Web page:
By far, this topic has received the most attention and comments on this blog. Many, if not most, cases of Horner's syndrome are idiopathic, meaning that no discernible causes can be found. Again, Horner's syndrome is not a disease per se, but rather a constellation of clinical signs that make up the syndrome: ptosis (or drooping eyelid), enophthalmos (or sinking in of the eyeball), miosis (constricted pupil), and prolapsed nictitans (presence of 3rd eyelid covering the eyeball more than usual).
When this young Cocker Spaniel was presented to me yesterday for an eye infection, she exhibited all signs of Horner's mentioned above. By default, because she's a Cocker Spaniel, I had a good look deep into her ear canal and lo and behold she had pretty convincing evidence of an ear infection, a ruptured ear drum, and likely a middle ear infection. X-rays of her middle ears were iffy, as they often are (CT is better for these little structures). We sedated her, flushed her ears with saline, cultured the "gunk", and sent her home on topical and oral antibiotics, and analgesics.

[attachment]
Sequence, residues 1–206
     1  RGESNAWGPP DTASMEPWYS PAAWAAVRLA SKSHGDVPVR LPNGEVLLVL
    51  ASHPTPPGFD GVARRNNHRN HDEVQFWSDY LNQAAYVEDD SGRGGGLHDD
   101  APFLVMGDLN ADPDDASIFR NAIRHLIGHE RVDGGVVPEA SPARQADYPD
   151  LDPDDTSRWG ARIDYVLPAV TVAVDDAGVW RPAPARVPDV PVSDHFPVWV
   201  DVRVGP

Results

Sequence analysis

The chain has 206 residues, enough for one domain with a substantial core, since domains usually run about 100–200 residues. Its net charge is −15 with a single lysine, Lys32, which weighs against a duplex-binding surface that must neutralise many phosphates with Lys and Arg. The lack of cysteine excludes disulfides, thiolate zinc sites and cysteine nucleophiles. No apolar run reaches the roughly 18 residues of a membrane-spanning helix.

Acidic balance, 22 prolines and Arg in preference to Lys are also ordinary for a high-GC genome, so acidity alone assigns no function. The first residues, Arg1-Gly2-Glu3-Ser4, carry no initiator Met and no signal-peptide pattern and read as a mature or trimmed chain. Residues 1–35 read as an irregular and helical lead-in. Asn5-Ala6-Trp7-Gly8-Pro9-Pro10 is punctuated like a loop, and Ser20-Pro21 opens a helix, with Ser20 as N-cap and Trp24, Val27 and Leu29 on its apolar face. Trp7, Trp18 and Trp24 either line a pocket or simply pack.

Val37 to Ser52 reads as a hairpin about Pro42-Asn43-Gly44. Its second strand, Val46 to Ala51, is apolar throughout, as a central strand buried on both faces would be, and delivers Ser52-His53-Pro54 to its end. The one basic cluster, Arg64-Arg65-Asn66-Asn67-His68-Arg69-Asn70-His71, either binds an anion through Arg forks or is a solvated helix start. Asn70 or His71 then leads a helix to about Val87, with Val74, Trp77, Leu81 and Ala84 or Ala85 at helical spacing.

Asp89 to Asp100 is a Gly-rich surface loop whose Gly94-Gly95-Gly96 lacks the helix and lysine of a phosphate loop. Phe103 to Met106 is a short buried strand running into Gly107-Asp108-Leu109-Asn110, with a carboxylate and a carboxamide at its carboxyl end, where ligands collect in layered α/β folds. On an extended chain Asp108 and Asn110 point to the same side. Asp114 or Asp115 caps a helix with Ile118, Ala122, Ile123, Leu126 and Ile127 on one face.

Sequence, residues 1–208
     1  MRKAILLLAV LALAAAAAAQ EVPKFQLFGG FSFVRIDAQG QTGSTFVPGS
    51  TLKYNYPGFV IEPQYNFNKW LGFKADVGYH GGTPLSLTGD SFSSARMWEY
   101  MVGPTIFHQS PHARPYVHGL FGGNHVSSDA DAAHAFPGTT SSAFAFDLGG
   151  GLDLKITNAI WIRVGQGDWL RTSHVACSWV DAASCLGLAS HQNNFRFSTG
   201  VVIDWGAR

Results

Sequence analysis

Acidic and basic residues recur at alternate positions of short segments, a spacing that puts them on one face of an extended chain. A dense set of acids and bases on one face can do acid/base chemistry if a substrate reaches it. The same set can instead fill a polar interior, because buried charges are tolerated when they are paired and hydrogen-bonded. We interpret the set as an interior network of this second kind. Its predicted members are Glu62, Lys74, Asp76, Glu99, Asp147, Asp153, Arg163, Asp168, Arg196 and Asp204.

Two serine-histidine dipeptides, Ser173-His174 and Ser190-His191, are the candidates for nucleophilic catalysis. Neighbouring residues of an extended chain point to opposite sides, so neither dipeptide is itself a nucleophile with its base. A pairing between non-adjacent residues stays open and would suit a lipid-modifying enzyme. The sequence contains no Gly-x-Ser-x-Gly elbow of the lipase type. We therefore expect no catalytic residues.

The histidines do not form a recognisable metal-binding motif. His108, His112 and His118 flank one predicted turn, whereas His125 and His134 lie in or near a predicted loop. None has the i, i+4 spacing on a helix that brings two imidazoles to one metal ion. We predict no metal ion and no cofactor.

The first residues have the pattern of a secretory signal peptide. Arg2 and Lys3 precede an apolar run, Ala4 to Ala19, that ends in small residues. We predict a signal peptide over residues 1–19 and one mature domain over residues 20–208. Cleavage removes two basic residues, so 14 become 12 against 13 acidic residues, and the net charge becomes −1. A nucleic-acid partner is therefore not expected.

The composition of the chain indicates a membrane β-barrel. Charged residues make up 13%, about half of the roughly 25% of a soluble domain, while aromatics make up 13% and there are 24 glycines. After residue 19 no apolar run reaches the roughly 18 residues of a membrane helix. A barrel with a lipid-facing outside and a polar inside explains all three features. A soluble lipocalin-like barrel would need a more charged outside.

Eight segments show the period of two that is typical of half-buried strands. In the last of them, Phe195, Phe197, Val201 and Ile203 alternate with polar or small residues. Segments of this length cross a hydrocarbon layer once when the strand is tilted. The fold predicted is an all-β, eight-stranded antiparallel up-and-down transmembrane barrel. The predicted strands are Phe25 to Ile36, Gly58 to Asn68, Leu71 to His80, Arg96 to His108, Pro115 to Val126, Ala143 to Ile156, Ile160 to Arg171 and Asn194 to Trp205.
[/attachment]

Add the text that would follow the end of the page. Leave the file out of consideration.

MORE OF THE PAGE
In this case, otitis media (an infection of the middle ear) is the likely culprit causing Horner's syndrome.
Not the Cocker Spaniel in question! The affected eye is evident.